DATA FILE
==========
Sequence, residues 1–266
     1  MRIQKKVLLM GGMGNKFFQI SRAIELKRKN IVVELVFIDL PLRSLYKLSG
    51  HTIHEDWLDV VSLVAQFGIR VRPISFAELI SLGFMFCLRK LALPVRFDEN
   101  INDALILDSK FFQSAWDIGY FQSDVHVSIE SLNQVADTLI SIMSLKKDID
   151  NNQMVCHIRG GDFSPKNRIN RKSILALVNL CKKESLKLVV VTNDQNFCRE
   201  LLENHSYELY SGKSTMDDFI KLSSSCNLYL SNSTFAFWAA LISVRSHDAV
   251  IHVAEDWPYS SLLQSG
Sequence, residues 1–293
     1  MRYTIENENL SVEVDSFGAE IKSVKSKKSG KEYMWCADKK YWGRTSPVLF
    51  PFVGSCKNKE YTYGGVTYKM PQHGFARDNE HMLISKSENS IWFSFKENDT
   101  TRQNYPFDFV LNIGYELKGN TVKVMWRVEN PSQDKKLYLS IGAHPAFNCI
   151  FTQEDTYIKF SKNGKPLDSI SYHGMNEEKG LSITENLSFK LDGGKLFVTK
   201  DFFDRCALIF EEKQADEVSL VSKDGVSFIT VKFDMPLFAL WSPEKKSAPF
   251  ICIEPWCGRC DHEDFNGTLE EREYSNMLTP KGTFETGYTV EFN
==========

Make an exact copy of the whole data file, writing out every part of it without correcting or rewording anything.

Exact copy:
Sequence, residues 1–266
     1  MRIQKKVLLM GGMGNKFFQI SRAIELKRKN IVVELVFIDL PLRSLYKLSG
    51  HTIHEDWLDV VSLVAQFGIR VRPISFAELI SLGFMFCLRK LALPVRFDEN
   101  INDALILDSK FFQSAWDIGY FQSDVHVSIE SLNQVADTLI SIMSLKKDID
   151  NNQMVCHIRG GDFSPKNRIN RKSILALVNL CKKESLKLVV VTNDQNFCRE
   201  LLENHSYELY SGKSTMDDFI KLSSSCNLYL SNSTFAFWAA LISVRSHDAV
   251  IHVAEDWPYS SLLQSG
Sequence, residues 1–293
     1  MRYTIENENL SVEVDSFGAE IKSVKSKKSG KEYMWCADKK YWGRTSPVLF
    51  PFVGSCKNKE YTYGGVTYKM PQHGFARDNE HMLISKSENS IWFSFKENDT
   101  TRQNYPFDFV LNIGYELKGN TVKVMWRVEN PSQDKKLYLS IGAHPAFNCI
   151  FTQEDTYIKF SKNGKPLDSI SYHGMNEEKG LSITENLSFK LDGGKLFVTK
   201  DFFDRCALIF EEKQADEVSL VSKDGVSFIT VKFDMPLFAL WSPEKKSAPF
   251  ICIEPWCGRC DHEDFNGTLE EREYSNMLTP KGTFETGYTV EFN